2010 National Book Award Finalist,

Megan K. Stack

Every Man in This Village Is a Liar: An Education in War


Photo credit: Sergei L Loiko


A shattering account of war and disillusionment from a young woman reporter on the front lines of the war on terror.

A few weeks after the planes crashed into the World Trade Center on 9/11, journalist Megan K. Stack, a twenty-five-year-old national correspondent for the Los Angeles Times, was thrust into Afghanistan and Pakistan, dodging gunmen and prodding warlords for information. From there, she traveled to war-ravaged Iraq and Lebanon and other countries scarred by violence, including Israel, Egypt, Libya, and Yemen, witnessing the changes that swept the Muslim world and laboring to tell its stories.

Every Man in This Village Is a Liar is Megan K. Stack’s riveting account of what she saw in the combat zones and beyond. She relates her initial wild excitement and her slow disillusionment as the cost of violence outweighs the elusive promise of freedom and democracy. She reports from under bombardment in Lebanon; records the raw pain of suicide bombings in Israel and Iraq; and, one by one, marks the deaths and disappearances of those she interviews.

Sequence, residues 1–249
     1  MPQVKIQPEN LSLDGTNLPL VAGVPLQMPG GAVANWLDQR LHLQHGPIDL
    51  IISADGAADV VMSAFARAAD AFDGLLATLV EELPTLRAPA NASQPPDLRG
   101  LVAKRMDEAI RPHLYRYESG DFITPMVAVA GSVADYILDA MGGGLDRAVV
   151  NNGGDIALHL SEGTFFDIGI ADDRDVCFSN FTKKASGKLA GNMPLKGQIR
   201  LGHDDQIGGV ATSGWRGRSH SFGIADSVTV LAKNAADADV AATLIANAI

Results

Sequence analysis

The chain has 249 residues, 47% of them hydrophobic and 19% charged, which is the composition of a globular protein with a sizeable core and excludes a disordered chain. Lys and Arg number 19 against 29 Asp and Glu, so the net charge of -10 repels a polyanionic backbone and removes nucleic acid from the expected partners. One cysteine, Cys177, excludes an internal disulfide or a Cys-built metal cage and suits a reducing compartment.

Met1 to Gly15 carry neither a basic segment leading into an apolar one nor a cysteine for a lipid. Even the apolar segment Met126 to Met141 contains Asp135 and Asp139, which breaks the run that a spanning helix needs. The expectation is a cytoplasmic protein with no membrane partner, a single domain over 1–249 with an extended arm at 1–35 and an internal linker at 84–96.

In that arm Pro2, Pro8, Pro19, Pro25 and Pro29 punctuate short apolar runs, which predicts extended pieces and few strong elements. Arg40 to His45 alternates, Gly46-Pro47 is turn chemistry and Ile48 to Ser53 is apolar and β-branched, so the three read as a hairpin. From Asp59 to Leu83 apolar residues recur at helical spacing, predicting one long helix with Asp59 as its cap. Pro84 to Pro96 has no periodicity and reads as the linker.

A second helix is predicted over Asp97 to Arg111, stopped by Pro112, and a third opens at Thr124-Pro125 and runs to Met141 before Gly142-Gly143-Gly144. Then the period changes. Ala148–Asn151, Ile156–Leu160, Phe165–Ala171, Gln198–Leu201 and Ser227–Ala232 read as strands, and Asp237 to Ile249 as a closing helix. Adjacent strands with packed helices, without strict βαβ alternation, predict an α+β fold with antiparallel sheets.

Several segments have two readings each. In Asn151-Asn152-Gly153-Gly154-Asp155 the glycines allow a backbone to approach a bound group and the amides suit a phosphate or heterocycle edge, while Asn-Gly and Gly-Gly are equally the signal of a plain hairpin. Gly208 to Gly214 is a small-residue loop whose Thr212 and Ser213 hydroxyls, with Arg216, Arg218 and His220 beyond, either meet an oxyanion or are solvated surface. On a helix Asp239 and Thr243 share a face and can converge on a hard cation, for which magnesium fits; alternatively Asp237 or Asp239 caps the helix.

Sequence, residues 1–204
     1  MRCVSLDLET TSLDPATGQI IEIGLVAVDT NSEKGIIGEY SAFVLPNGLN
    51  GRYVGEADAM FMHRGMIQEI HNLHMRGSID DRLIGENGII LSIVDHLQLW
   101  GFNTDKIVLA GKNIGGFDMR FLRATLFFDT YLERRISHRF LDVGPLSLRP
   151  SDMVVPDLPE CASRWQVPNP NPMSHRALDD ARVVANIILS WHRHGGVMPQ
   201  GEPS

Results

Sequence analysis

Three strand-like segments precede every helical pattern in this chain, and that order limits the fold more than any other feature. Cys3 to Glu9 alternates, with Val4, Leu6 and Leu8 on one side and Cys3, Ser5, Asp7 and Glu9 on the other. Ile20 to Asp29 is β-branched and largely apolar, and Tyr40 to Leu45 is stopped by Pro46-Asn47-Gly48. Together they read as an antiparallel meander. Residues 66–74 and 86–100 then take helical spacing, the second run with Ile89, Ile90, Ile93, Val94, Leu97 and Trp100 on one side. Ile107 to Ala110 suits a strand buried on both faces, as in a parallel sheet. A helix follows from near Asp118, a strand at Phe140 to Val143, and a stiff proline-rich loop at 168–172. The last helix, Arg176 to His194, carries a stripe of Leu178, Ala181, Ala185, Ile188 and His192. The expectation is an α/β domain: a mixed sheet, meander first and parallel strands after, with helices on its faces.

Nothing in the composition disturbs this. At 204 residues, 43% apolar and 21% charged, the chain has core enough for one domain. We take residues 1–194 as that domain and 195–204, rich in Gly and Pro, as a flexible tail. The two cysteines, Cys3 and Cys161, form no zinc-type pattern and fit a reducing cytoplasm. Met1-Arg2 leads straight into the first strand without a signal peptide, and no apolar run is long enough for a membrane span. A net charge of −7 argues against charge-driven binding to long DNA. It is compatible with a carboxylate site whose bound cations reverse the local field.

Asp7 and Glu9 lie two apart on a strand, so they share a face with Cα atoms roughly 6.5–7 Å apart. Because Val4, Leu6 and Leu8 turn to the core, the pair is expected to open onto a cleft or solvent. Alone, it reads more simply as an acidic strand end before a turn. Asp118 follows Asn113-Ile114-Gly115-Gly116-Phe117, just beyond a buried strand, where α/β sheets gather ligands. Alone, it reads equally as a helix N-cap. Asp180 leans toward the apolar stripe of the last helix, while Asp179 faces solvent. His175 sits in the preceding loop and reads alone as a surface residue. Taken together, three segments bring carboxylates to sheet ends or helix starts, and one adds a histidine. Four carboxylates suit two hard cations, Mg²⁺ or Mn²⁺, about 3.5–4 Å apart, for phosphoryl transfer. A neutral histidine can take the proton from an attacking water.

Megan K. Stack has reported on war, terrorism, and political Islam from twenty-two countries since 2001. She was most recently Moscow bureau chief for the Los Angeles Times. She was awarded the 2007 Overseas Press Club’s Hal Boyle Award for best newspaper reporting from abroad, and was a finalist for the 2007 Pulitzer Prize in international reporting.


'Every Man in This Village Is a Liar' by Megan K. Stack
From the front lines, an account of war and disillusionment
June 20, 2010|By Marla Stone, Special to the Los Angeles Times

AUDIO - War Stories: A Reporter's Education In The Mideast
by NPR Staff, Morning Edition